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Deer tag sale?

At least one city councillor supports the idea of lobbying the province to reduce the urban deer tag prices.
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A deer munches on some grass on Mission Island in May 2012. (Jeff Labine, tbnewswatch.com)

At least one city councillor supports the idea of lobbying the province to reduce the urban deer tag prices.

Kenora’s city council passed a resolution earlier in May to lobby the Ministry of Natural Resources to make more deer hunting tags available at a reduced cost. The average cost for a deer tag is about $46.

The petition, which is seeking support from Thunder Bay and Dryden, asks to reduce prices for urban deer tags to $10.

The seemingly booming deer population has already led to discussions at Thunder Bay’s city hall. Last year council gave residents the go ahead to hunt deer in certain rural areas of the city.

In order to hunt within city limits, hunters must have written permission from the property owners, must be in a stand at least three metres high and must be farther than 75 metres from a home or road.

At-Large Coun. Ken Boshcoff called the jointed effort to have deer tag costs reduced a significant move in order to reduce the number of vehicle collisions caused by deer. 

“We might as well be using deer as a food source as opposed to knocking them off roadways,” Boshcoff said.

“I think it is a very wise move. I think this will help our community. I don’t know what to say to people who continually feed deer. They’re not helping the deer or their neighbours.”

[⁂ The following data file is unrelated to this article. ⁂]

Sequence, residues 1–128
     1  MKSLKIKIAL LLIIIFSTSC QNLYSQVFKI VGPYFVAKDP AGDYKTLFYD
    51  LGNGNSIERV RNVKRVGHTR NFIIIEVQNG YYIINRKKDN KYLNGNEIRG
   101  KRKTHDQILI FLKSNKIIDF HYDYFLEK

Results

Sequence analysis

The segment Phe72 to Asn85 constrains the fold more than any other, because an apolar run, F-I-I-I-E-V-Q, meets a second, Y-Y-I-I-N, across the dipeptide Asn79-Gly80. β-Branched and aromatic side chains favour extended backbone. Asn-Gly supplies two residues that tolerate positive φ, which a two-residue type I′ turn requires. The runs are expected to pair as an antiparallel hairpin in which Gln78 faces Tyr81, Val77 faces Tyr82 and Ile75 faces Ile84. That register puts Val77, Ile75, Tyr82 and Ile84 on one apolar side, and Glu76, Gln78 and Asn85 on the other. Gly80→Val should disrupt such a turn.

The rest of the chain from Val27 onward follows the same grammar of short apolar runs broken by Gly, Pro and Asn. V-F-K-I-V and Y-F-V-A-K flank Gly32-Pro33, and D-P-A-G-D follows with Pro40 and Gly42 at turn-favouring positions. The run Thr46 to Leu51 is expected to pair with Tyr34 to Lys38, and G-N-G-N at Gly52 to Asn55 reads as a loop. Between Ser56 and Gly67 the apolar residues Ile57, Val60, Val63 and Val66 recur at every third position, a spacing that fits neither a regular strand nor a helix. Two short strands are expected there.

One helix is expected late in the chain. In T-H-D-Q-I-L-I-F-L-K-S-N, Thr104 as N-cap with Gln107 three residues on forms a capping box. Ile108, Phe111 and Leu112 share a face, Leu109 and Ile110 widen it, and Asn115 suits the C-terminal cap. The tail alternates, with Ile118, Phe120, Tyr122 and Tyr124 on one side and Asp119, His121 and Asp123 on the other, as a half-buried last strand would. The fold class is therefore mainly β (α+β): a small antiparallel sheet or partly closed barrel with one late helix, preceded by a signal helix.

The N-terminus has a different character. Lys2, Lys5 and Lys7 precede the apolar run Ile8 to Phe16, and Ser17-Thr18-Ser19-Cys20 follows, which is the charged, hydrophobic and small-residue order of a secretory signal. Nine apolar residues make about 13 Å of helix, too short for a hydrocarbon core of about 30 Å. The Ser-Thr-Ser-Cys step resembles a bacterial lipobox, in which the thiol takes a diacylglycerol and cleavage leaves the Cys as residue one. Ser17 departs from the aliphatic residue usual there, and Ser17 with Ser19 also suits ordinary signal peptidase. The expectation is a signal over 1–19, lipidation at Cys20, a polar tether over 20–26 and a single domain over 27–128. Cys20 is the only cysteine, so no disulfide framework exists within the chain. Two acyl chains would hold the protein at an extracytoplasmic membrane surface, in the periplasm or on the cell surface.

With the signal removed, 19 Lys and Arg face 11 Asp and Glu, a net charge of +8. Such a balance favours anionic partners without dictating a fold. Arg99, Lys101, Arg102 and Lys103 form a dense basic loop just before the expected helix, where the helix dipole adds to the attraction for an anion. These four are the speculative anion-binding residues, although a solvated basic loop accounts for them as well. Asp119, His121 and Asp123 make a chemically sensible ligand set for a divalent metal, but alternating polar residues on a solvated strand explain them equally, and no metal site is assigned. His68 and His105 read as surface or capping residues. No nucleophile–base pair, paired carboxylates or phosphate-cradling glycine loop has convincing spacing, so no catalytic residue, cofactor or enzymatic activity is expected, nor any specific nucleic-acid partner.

The price of deer tags have slightly increased over the past three years.

In 2010, the price for deer and bear tags were at $42.78 each. That price rose modestly to $43.91 in 2011 and $45.04 in 2012.

The money raised goes toward funding Ontario’s fish and wildlife programs.

The Ministry of Natural Resources had 1,000 antlerless deer tags made available and 1,300 additional deer seals in Kenora last year.

Thunder Bay received 2,500 antlerless deer tags and 2,500 additional deer deals.

MNR spokeswoman Jolanta Kowalski said the ministry reviews the quotas each year and takes into consideration population conditions, winter severity and hunting harvest levels.

Kowalski hadn’t heard about the petition Kenora city council was putting forward and couldn’t say if a lower price would increase the number of people who decide to hunt.

“We feel the price as it stands now is quite competitive,” she said. “We’re giving out a lot of tags already. People don’t realize that I guess but there is a ton of tags and deer seals. (Hunting) is one of the factors that help control deer population.”